Cannibalism in literature and film
- Brown, Jennifer, 1980-
- Houndmills, Basingstoke, Hampshire ; New York : Palgrave Macmillan, 2013.
- Physical description
- xi, 258 pages ; 23 cm
- Includes bibliographical references (pages 234-248), filmography (pages 249-250) and index.
- Preface-- M.Jancovich Introduction PART I: MR. CANNIBAL I PRESUME? THE COLONIAL CANNIBAL No Petticoats Here: Early Colonial Cannibals Into the Heart of Darkness Off the Beaten Track? The Post-Conradian Cannibal PART II: YEEHAW! THE REGIONAL CANNIBAL Borders and Bean: The British Regional Cannibal Hillbilly Highway: The American Regional Cannibal PART III: CANNNIBALS IN OUR MIDST: THE CITY CANNIBAL City Slashers and Rippers: London Cannibals American Psychos Conclusion Index Bibliography and Filmography.
- (source: Nielsen Book Data)
- Publisher's Summary
- From images of stewed missionaries to Hannibal Lecter's hiss, cannibals have intrigued while evoking horror and repulsion. The label of cannibal has been used throughout history to denigrate a given individual or group. By examining who is labelled cannibal at any given time, we can understand the fears, prejudices, accepted norms and taboos of society at that time. From the cannibal in colonial literature, to the idea of regional Gothic and the hillbilly cannibal, to serial killers, this book examines works by writers and directors including Joseph Conrad, H. Rider Haggard, Thomas Harris, Bret Easton Ellis, Cormac McCarthy, Wes Craven, and Tim Burton. It explores questions of cultural identity and otherness in the modern period, offering an important and original examination of cultural norms and fears with reference to national, economic, linguistic, and sexual identity. Amidst the sharp teeth and horrific appetite of the cannibal, the book examines real fears of over-consumerism and consumption that trouble an ever-growing modern world.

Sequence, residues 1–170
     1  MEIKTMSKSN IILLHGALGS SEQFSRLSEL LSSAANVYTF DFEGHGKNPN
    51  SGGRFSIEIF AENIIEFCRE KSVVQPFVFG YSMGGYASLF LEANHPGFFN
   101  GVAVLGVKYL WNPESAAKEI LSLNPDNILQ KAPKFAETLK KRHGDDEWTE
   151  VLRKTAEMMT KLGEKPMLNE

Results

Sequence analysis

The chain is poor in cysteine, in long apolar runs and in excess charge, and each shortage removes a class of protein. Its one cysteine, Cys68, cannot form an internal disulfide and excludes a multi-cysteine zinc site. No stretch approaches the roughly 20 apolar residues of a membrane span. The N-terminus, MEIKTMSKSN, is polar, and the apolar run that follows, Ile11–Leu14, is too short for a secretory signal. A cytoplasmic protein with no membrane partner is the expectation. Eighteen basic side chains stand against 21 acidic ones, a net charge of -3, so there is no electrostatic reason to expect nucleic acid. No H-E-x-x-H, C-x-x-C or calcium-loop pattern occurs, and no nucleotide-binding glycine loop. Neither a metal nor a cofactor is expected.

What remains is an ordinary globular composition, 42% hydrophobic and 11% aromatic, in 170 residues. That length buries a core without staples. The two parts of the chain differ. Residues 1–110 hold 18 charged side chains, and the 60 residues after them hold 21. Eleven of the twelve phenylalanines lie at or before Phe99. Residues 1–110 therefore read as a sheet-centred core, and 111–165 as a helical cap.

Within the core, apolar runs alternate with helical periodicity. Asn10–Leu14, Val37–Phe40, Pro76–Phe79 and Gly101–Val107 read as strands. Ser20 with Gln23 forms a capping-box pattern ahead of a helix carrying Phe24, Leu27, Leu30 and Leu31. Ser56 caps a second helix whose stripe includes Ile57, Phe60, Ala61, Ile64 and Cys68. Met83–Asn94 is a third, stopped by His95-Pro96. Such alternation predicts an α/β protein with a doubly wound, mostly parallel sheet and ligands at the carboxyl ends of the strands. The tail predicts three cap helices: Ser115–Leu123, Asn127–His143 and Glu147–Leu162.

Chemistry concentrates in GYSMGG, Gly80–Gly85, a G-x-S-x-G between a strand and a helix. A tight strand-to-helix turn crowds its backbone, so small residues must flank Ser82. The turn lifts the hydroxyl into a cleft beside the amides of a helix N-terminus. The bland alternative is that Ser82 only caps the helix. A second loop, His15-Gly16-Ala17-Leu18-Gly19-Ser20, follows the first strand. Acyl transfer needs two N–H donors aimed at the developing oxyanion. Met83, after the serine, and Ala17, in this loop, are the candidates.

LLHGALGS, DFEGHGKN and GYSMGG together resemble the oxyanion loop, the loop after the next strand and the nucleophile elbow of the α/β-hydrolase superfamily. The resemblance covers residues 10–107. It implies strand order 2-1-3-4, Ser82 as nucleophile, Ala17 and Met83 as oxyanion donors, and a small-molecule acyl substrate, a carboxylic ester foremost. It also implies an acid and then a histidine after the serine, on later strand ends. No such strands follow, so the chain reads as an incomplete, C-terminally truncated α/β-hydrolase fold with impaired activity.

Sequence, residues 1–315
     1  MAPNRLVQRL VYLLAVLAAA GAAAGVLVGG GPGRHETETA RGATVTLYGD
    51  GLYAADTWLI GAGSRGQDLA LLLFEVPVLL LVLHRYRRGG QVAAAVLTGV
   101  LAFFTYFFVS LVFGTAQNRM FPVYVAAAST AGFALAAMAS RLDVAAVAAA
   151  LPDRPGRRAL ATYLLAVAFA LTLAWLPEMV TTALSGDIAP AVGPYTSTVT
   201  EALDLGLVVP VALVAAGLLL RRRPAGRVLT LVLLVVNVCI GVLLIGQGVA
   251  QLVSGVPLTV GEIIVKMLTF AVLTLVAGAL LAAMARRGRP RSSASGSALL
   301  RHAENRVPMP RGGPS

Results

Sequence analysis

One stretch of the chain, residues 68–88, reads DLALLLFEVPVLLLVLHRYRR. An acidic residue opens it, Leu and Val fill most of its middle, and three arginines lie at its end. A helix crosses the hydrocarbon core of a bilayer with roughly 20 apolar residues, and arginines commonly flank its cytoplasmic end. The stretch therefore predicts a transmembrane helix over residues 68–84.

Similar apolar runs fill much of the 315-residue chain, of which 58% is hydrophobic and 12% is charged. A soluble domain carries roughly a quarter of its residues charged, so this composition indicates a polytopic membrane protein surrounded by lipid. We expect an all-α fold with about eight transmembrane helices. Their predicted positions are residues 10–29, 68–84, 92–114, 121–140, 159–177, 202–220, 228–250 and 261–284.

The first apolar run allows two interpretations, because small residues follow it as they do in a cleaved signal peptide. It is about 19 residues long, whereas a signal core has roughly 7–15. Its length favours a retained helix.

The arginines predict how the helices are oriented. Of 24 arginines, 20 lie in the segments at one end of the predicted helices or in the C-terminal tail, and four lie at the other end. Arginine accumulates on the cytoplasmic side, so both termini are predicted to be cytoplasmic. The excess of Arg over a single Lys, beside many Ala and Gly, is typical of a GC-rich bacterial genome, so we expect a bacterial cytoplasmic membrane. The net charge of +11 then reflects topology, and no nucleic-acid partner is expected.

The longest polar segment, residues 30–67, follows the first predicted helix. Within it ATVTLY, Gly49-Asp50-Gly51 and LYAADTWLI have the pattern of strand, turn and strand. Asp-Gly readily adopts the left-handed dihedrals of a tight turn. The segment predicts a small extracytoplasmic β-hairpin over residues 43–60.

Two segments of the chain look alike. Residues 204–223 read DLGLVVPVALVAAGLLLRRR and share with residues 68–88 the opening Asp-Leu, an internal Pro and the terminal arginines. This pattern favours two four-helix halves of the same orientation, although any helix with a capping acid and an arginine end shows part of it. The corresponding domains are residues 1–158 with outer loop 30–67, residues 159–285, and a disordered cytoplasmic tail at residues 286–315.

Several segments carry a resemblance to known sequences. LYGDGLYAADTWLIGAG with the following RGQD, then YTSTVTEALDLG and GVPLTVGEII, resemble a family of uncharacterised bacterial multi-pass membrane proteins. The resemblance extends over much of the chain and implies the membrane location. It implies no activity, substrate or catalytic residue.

(source: Nielsen Book Data)
- Supplemental links
- Cover image
- Publication date
- Jennifer Brown.